A version of this article was published in Scroll.in on May 7, 2017.
The tiny dollop of pickle in the corner of your plate or your banana leaf can never be taken for granted.
At times it is your saviour, making bland meals a little more acceptable. At times it is the best accompaniment giving your food the much needed extra bit of zing. Pair it with curd, and it provides the right finish to a sumptuous meal. But rarely has the pickle been given a larger responsibility- beyond the circumference of our plates.
One visit to The Hudli Project website and you realize that this is no longer the case. In addition to the zing, the pickle is now capable of preventing a village from emptying out. Meet The Hudli Project.
The Hudli Project is founded by three Bangalore-based data professionals- Amit Vadavi, Adarsh Muthana and Pronoy Roy. Through their website, the team is working on generating sustained employment for the women in the Hudli village. By providing subscription plans for purchasing the pickles manufactured at the Khadigram in Hudli, their primary goal is to create long term employment for 125 women. Peep into the pickle jars, and you will find that this project aims to change much more.
With experience in data analytics and solving retail related issues, the trio who met while working at Mu Sigma, connected over the need to apply their skills for a larger cause. “We worked for one of the largest retailers and solved retail related issues using analytics. But we always wanted to do more. We just decided to solve a different kind of problem, where we could employ our skills better, and it would make sense to us as well. Something for a good cause. That is why we decided to quit our jobs and start this project.”- says Adarsh Muthana.
But how did they move from the world of retail to the world of pickles? Adarsh shares the interesting background story of how this nondescript village in the Belagavi district of north-west Karnataka and its pickles became the focus of their work. ” Amit’s great-grandfather was a disciple of Mahatma Gandhi. He was with him in Sabarmati Ashram, and he was sent by Gandhiji to help set up a Khadigram in Hudli. Gandhiji wanted villages to be the strength of India, and he wanted to set up industries so that people would stay there and work towards empowering the nation. In August last year, Amit was talking to his grandfather about the village and the Khadigram, when he suggested that Amit should visit the village.”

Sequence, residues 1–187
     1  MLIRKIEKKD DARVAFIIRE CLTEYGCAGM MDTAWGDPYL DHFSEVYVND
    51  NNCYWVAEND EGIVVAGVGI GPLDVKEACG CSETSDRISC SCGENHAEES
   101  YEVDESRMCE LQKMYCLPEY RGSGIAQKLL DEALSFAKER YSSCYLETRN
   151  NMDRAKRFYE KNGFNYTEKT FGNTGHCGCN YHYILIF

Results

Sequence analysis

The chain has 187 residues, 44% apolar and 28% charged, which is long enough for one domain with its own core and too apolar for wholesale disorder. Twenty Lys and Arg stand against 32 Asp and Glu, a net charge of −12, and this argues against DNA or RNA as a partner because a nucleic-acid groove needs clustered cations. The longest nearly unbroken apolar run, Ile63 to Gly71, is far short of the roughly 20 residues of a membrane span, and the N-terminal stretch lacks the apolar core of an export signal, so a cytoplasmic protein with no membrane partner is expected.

Amit’s visit to Hudli turned out to be more than just an exploration of the family legacy. He came back to Bangalore and shared his experience with Adarsh and Pranoy. Apart from pickles, he found, the Khadigram also manufactures soaps, incense sticks, khadi and pappads. With good products at hand, the team felt that a lack of awareness among urban consumers and a lack of appropriate marketing channels hampered the growth of these small scale industries. The team decided to bring digital marketing, e-commerce and good logistics to the villagers and chose pickle as the product of interest.
Why pickle? “The pickle factory in the Khadigram employs only women. The other factories have both men and women working on the products. There are about 25 women working on pickles at the moment. Our goal is to provide employment for 100 more women. We chose to focus on women-centric job creation as this would translate to an all-round strengthening of their respective families and the entire village as a result.”